According to the Oklahoma Contemporary website, the event is providing a world-class facility for exhibitions, performance and education and a breathtaking addition to the OKC skyline. It will become a “creative commons,” a place for our community to gather, create and experience art. Arts education programs will encourage youth and adults to find their own creativity and learn new skills through classes and camps across multiple disciplines.
Story by Caleb Betterton
Kobe Bryant, his daughter Gianna and seven others were killed in a helicopter crash near Calabasas, California. The crash occurred on Jan. 26 while on the way to a youth basketball tournament. A “Celebration of Life” ceremony was held for Kobe and Gianna on February 24.
The former MVP and five-time NBA champion’s death rocked the basketball world, with teams and players paying tribute to Bryant and his daughter for weeks after the tragedy.
Bryant had a tremendous impact on the game of basketball as well as the people he played with and against. Even though he was over a thousand miles away it hit home here in OKC.
His impact in OKC started in 2010. When the Thunder made it to the playoffs for the first time. Their opponent was Kobe Bryant and the Los Angeles Lakers.
“They're here to play, they're here to win,” Bryant said in reference to that young Thunder team.
The Lakers would go on to beat the Thunder in that series and go on to become NBA champions.
Even though that series happened 10 years ago, he still has a strong impression on current Thunder Players.
“I don’t know if I’ll ever be able to fully process it,” said Thunder guard Chris Paul, via Instagram.
Thunder forward Danilo Gallinari said in a statement, “ yesterday was a very tough day.”
It was a tough day not just for Gallinari but for every person that Bryant affected: players, coaches, friends and, of course, his family.
At Bryants “Celebration of Life” ceremony former teammate Shaquille O’Neal told the story of how Bryant gained his respect. Some of the players were upset because Bryant wasn’t passing the ball so Shaq said he would talk to him.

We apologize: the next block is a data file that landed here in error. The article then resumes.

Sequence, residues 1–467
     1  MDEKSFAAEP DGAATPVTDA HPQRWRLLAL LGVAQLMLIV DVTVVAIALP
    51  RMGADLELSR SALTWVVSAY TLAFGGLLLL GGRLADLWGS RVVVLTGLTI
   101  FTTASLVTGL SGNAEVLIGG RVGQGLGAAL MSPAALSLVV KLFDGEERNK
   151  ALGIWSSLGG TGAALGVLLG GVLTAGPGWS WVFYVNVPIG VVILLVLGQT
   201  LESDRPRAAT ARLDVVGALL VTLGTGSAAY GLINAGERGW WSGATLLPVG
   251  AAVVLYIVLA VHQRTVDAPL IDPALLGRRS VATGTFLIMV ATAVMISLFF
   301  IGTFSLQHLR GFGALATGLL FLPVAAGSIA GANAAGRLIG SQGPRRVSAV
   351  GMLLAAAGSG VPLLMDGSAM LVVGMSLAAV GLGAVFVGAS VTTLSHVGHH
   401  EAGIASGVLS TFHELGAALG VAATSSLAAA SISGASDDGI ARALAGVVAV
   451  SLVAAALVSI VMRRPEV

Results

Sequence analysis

Shaq went to Kobe and said “there is no I in team”
which Kobe replied “I know, but there is M-E in that motherf-----.”
Bringing humor and laughter on this sad occasion .
During these times when we are reminded of how short life really is, it is important to take time to reach out to one another, especially those we are close to because none of us really know if this time will be the last time.
Bryant's legacy and where he falls as one of the greatest players of all time may be debated, but his impact cannot be. The “Mamba Mentality” will be something that players strive for and not just players, but every person who is striving to be great and to separate themselves from the rest of the pack.
Kobe Bryant has passed on but the “Mamba Mentality” will continue to thrive.
If you would like to make a donation to the families who lost a loved one in this accident, visit https://mambaonthree.org.
Story by Brayden Conover
The Arnold Palmer Cup is a collegiate golf event hosted by the Golf Coaches Association of America, in conjunction with Arnie’s Army. The Ryder Cup-esqe event features 48 of the best American and International collegiate golfers. Along with the growing popularity of collegiate golf, the event is growing too, but it still flies under the radar of even the most hardcore golf fans.
In 1997, the GCAA approached Arnold Palmer about creating an event that showcased the best collegiate golfers. The event originally took eight of the best male golfers from the United States against eight of the best from Great Britain & Ireland. The inaugural Arnold Palmer Cup was hosted at Bay Hill Club, Mr. Palmer’s home golf course. In 2003, the event expanded to encompass not just GB&I but the entire continent of Europe. In 2010, the Arnold Palmer Cup expanded to 10 American men vs 10 European men. Last year, the event grew once more to include the best collegiate women and broadened to include the entire world.
Former APC participant, University of Oklahoma and 2018 Team USA head coach, Ryan Hybl said, “I had a phenomenal squad… If you fast forward 10 years from now there will probably be some Ryder Cuppers, President Cup guys and potentially some of the same pairings that we used (in 2018).”